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this is an old castle, newly mended, but all the land is now
inhabited with Irish. Sir Edm. Phettiplace first patentee.
(6.) Sir Tho. Ashe holds 1,000 ac., called Carvyn. Upon
this is a good bawn of lime and stone, 70 ft. square, with
two flankers, and 12 ft. high, all the land inhabited with
Irish. Lieut. East, the first patentee.
(7) Sir Tho. Ashe, Kt., 500 ac., called Miermode. Upon
this is a bawn of sods, all the land inhabited with Irish.
Capt. Ridgwaie first patentee.
(8.) Capt. Culme, 1,000 ac., called Logh-Rammarals, manor
of Chichester. Upon this is a bawn of lime and stone, 180
ft. square, with two flankers, and 14 ft. high; a house in
it of lime and stone, which is in building now about the
second story. The roof ready to be set on. Has 4 English
families, and this bawn stands upon a passage, which is
able to do good service. Capt. Culme is to build a town
called Virginia, for which he is allowed 250 ac. Upon this
he has built about 8 timber houses, and put into them
English tenants, of which town there is a minister who
keeps school and is a very good preacher.
(9.) Sir John Elliott, Kt., 400 ac, called Muckon. Upon
this is a bawn of lime and stone, 60 ft. square, and a
small house, all the land being inhabited with Irish.
(10.) Shane McPhillipp O'Ralie, 900 ac. Upon this is
a small bawn of sods and an Irish house, wherein he dwells.
The precinct of Fullagh-garvy allotted to servitors.
(11.) Capt. Hugh Culme and Arch. Moore, 1,500 ac.,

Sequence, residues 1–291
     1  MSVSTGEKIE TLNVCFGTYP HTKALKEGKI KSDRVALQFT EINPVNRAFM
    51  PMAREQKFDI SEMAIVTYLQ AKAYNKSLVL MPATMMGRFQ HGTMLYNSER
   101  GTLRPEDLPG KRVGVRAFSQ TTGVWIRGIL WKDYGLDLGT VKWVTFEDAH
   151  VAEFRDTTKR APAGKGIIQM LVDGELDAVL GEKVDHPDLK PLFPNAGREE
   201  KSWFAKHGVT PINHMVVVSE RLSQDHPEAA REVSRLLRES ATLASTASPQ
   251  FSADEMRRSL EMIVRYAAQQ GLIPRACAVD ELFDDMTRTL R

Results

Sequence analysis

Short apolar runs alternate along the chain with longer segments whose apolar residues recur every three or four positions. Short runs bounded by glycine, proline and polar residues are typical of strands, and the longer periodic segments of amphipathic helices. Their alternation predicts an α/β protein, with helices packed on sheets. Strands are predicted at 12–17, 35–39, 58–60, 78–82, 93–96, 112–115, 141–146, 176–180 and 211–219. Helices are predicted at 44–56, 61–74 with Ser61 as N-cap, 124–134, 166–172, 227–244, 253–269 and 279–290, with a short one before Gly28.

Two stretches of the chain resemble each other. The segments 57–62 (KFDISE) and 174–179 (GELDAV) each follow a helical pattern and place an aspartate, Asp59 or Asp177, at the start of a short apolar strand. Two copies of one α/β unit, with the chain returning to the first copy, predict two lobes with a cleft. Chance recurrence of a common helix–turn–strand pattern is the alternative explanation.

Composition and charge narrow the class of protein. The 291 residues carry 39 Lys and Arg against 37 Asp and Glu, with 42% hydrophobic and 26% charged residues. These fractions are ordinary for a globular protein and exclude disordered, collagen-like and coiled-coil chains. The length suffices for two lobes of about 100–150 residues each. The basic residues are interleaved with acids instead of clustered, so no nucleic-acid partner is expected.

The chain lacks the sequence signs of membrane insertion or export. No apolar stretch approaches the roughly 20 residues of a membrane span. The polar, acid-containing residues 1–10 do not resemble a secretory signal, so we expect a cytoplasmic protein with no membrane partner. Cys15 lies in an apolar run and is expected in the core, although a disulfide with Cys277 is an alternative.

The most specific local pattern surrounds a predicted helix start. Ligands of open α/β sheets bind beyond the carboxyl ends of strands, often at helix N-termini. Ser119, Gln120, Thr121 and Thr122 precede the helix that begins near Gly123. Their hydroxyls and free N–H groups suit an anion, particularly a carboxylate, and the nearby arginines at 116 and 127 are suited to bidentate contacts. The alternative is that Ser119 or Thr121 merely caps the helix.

called Tullavyn. Upon this is a bawn and towers thoroughly
finished, roof of the house framed and ready to be set up. It
stands in a place of great strength. The said Archibald, with
his wife and family, dwell in it. 4 English families about
him, the rest of the land is inhabited with Irish.
(12.) Sir Thomas and John Ashe, 750, called Drume-
sheele. Upon this is a bawn of clay and stone, another of
sods, 120 ft, square, all inhabited with Irish.
(13.) Mullmorie McPhillip O’Reyley, 1,000 ac, called
Ittery-outra. Upon this is a very stroug bawn of sods,
with 4 flankers and a deep moat, a good Irish house within
it, in which himself and family dwell. He has made no estates.
(14.) Capt. Reyley, 1,000 ac, called Liscannor. Upon
this is a bawn of sods and a house in it, in which he dwells;
he has made no estates, but from year to year, and all his
tenants plough by the tail.
(15) Mulmorie Oge O'Reley, 3,000 ac. Upon this is
a bawn of sods, and in it an old castle, now built up, wherein
he and his family dwell. Has made no estates to his tenants,
and all plough by the tail.
(16.) Capt. Rich. Terrill and his brother William, 2,000
ac, called Iterrery. Upon this is a strong bawn of lime and
stone, 80 ft. square, 12 ft. high, with 4 flankers. Has made
no estates.